I was quite amazed at their size when the three birds were taken out of their nest and placed in a 5-gallon pail.
Quarry Hill naturalist and Master Falconer Kirk Payne was at the top of the stepladder carefully removing each of the birds to bring down and band, with some of us waiting in anticipation.
The nest the birds came out of was inside a box put out specifically to attract American kestrels. About 2 feet high, and a foot on each side, with a hole in the front, these boxes have been of the same design for many decades. I recall at least 30 years ago seeing many of them put on roadway signs along Interstate 35 in Iowa, and we also began putting them out around Quarry Hill and other locations many years ago.
Lying on their backs in the bucket on top of a towel, Kirk quickly noted the birds were all females, later pointing out the brownish feathers which would have been more blue in males. He estimated their age around 16 days and thought they would be leaving the nest in about 10 days. We didn’t notice either of the parents in the area for the half hour we worked on processing the young.
For many years, I have spoken of this member of the falcon family as my favorite bird, although over the past 20 years the small saw-whet owls I net and band each fall may have taken over that designation.
I have banded thousands of birds over the years, but never young kestrels, so it was a new experience for me. Also excited to be taking part were three naturalists from Oxbow Park and my daughter’s family.
My amazement increased over the size of these 2- to 3-week old kestrels when Kirk carefully weighed each, with the three weights ranging from 120 to 142 grams, roughly a quarter to third of a pound. I wondered if the scale he was using was faulty, as these numbers were comparable to the largest of the saw-whet owls I band each year, and these young birds didn’t seem to be near those in size. After Kirk later verified the scale was accurate, I suspected my bewilderment was probably due to the fact these young birds still had very few feathers to give them a much bulkier look and feel.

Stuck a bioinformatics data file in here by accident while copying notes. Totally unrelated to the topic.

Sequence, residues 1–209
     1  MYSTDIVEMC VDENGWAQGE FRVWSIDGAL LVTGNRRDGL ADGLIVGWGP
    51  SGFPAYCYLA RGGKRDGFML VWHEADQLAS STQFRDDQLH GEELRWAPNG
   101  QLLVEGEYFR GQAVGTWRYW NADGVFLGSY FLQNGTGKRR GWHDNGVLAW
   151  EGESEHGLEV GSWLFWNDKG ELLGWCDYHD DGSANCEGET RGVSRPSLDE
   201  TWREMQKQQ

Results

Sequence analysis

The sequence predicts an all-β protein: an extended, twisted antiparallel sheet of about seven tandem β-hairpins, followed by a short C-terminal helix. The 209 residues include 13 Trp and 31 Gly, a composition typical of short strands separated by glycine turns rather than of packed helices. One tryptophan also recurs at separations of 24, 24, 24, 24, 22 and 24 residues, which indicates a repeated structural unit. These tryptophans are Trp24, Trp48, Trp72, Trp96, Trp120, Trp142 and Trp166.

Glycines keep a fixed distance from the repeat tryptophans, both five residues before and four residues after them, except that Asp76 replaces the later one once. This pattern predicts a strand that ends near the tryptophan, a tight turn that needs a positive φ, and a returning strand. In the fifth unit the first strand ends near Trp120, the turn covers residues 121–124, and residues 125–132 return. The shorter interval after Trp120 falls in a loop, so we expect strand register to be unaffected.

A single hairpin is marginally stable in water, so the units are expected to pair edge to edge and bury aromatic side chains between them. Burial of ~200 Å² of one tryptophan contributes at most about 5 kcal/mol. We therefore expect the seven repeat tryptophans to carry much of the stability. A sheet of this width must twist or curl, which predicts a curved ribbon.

The American kestrel is the smallest and most common member of the falcon family in North America. It has often been been called sparrow hawk, possibly because sparrows, along with other small birds, as well as lizards, small rodents, and even grasshoppers are part of their diet. Although possibly more closely related to larger falcons, like the noted peregrines, it has been lumped with other similar-sized kestrels found worldwide.
Kestrels are what I consider one of the best-looking birds around that are rarely noticed by most people. While they don’t come to feeders, they are quite prevalent on power lines, where they survey the landscape below for moving prey. Often they can be seen hovering in the air, wings flapping in place, while they prepare to swoop down on their prey. When seen in pairs on the wires, especially during early spring, it is usually easy to tell males from the larger females. Up close the striking blue coloration of some of the males' feathers set them apart from the more brownish females.
Kirk noted that while kestrels have been used by falconers, probably for centuries, some states, including Minnesota, have banned their use. He suspects the ban is due to two factors, one being that their numbers are declining across most of their range, undoubtedly due to habitat loss.
The second reason is the difficulty falconers have in maintaining the birds' weight. In falconry, bird weights must be carefully monitored, keeping them hungry so they will hunt, but not starving them, something difficult to do with such a small bird.
If you want to familiarize yourself with what a kestrel looks like, one of Kirk’s birds previously used for falconry, a longevity-record 18-year-old bird named Horace, is now on display at Quarry Hill.
And, once you start looking more closely at birds on utility lines along country roads, you will soon pick out some kestrels and get more comfortable identifying them.